GOALS: My ultimate goal is to be able to do this for the rest of my life. Performing, being part of the industry. In terms of success, to me it’s being successful enough that I have the means necessary to be able to do this. I don’t think I’ll ever retire! More immediate goals are to be able to get on a tour with my band and just play EVERYWHERE! You know, spread the MAYHEM! WHEN I make it to the Garden you most certainly will get a press pass!
When did you start singing?
As early as I could talk, well, scream really. Making music and performing has been my dream since forever. There really hasn’t ever been anything else. I started off in musical theatre. I was a working actress at nine. I am classically trained in singing, dancing, and acting but I always knew that rocking out was what I wanted to do most. Not to mention I have been told by the people close to me that I’ll have a much longer life expectancy when I am doing what I love, since when I’m not performing or working, I’m not so pleasant to be around.
Rock and roll sells out stadiums but gets less respect in clubs in NYC. Is that true in L.A.?
People like you, Steve, and BlackBook are respected, and when you get the word out to people who usually go out to lounges or dance clubs – you give them the idea to try something new. On March 8th, The Cutting Room had over 200 people who had never been there before and never knew it existed. They are exactly the crowd that would never have gone to a rock show had they never received an invitation to see something new. They had an invite to see Madame Mayhem and weren’t sure what to expect. We ended up with a packed room, standing-room only, with an eclectic crowd that are now turned onto a new sound. I think the respect comes from people who are open to trying new things and who spread the rediscovery of rock around to people who otherwise wouldn’t know where to find it.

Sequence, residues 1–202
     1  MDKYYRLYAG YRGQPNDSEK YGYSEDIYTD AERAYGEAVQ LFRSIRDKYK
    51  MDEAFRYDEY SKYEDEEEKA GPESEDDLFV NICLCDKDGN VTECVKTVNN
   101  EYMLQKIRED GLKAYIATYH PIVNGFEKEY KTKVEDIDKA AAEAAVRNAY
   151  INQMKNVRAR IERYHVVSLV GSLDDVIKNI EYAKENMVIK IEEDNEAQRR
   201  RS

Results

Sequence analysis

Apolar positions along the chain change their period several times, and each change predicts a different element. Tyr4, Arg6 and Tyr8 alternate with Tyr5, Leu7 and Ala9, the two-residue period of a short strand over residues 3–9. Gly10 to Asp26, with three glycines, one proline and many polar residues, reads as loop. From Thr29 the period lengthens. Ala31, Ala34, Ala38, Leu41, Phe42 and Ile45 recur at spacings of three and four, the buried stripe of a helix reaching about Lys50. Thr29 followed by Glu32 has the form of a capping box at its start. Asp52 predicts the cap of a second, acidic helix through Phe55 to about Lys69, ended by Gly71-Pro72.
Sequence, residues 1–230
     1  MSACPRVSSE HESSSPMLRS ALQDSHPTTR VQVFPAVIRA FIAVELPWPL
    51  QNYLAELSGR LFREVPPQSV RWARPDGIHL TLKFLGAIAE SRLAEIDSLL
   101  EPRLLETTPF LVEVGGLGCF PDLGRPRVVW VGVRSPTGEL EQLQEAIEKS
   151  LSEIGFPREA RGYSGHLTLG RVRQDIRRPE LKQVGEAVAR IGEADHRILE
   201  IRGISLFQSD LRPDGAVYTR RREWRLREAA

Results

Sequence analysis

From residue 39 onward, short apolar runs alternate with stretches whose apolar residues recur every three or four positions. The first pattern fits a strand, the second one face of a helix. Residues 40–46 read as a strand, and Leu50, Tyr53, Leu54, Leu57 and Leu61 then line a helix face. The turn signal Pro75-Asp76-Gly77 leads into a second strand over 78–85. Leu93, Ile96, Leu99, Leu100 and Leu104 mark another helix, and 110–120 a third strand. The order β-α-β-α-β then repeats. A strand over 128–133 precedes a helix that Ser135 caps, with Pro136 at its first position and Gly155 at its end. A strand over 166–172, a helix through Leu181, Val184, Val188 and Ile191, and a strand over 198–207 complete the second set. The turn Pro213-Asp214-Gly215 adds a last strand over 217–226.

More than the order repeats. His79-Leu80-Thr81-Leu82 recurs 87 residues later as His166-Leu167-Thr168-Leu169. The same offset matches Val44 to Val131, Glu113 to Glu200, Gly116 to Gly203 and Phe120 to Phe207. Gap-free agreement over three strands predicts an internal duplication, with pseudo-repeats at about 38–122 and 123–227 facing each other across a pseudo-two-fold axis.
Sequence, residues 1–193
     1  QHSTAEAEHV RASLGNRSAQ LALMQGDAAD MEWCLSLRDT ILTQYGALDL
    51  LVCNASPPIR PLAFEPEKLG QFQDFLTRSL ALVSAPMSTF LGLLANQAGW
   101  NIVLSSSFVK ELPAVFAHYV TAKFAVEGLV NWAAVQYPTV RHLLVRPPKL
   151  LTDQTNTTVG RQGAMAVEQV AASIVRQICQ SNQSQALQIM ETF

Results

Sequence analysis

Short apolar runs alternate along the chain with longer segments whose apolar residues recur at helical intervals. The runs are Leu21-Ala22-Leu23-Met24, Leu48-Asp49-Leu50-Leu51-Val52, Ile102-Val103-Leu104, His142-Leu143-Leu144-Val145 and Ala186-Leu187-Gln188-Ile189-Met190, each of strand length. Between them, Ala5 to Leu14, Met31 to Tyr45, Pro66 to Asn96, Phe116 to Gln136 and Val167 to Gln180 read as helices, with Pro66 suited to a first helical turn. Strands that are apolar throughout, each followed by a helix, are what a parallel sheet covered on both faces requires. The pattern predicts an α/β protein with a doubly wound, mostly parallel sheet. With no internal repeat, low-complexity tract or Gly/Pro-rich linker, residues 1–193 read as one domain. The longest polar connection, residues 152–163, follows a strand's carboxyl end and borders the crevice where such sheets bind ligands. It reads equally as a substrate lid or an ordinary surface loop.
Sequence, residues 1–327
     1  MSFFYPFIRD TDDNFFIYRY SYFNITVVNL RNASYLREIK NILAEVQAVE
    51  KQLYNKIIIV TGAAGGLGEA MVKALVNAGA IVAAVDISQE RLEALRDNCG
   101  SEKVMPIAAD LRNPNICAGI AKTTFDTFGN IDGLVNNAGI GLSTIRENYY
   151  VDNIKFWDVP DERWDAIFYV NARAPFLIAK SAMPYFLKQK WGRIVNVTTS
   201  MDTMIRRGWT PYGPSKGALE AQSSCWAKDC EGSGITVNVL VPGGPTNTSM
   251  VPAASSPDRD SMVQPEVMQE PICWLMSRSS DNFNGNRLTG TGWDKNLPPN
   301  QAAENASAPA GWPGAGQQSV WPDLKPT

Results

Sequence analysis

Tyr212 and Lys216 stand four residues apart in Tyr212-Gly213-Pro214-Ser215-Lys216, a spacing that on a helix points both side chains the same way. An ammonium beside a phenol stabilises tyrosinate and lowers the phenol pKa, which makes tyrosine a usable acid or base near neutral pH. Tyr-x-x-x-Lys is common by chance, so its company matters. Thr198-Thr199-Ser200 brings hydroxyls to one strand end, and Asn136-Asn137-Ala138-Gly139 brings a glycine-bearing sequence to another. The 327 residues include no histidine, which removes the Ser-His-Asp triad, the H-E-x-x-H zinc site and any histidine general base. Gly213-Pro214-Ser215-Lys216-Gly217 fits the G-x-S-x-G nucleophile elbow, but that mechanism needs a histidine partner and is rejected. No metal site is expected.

I have been having an amazing time playing here in NYC, since its home to me. Being able to play venues like The Cutting Room, Mercury Lounge, and a last-minute guest performance with Adrenaline Mob last night at Webster Hall has been amazing. But I do know that rock ‘n’ roll over the past few years hasn’t been the easiest genre to succeed in, but my goal is to bring rock back to where it belongs, to the masses!
In LA, you can’t go very far without bumping into rock ‘n’ rollers, which for me was really cool especially since I was out there making the record. The Sunset Strip may not be exactly what it used to be back in its glory days, but it’s still the place to go to see live music and especially ROCK! I got to perform on the strip at The Viper Room a few times and The Roxy while I was out there and I have to say the rock and music community there really feels like a dysfunctional crazy family that you would never trade!
How does a band make money these days when everything is downloaded?
I am learning quickly that the industry is not like it used to be. As technology evolves, the music industry and artists have to evolve with it. It’s a lot of trial and error.
You’re doing well. What advice do you have to a bunch of 18-year-old kids talking about forming a band?
All I can say is DO IT! Pursue your dream NO MATTER WHAT obstacles get in your way. It takes a lot of hard work, thick skin, but most importantly passion. If music is your life (like it is mine), than it’s what you have to do and ENJOY the ride!!